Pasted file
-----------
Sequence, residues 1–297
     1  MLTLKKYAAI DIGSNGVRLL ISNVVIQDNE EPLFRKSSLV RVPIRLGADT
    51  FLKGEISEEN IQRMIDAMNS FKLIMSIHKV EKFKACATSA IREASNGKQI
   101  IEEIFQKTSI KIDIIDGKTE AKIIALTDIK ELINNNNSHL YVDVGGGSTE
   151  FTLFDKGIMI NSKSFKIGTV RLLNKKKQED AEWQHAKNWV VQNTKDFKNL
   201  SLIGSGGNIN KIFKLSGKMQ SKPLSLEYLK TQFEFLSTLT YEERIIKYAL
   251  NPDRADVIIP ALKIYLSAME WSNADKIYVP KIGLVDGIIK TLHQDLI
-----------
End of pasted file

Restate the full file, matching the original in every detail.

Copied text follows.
Sequence, residues 1–297
     1  MLTLKKYAAI DIGSNGVRLL ISNVVIQDNE EPLFRKSSLV RVPIRLGADT
    51  FLKGEISEEN IQRMIDAMNS FKLIMSIHKV EKFKACATSA IREASNGKQI
   101  IEEIFQKTSI KIDIIDGKTE AKIIALTDIK ELINNNNSHL YVDVGGGSTE
   151  FTLFDKGIMI NSKSFKIGTV RLLNKKKQED AEWQHAKNWV VQNTKDFKNL
   201  SLIGSGGNIN KIFKLSGKMQ SKPLSLEYLK TQFEFLSTLT YEERIIKYAL
   251  NPDRADVIIP ALKIYLSAME WSNADKIYVP KIGLVDGIIK TLHQDLI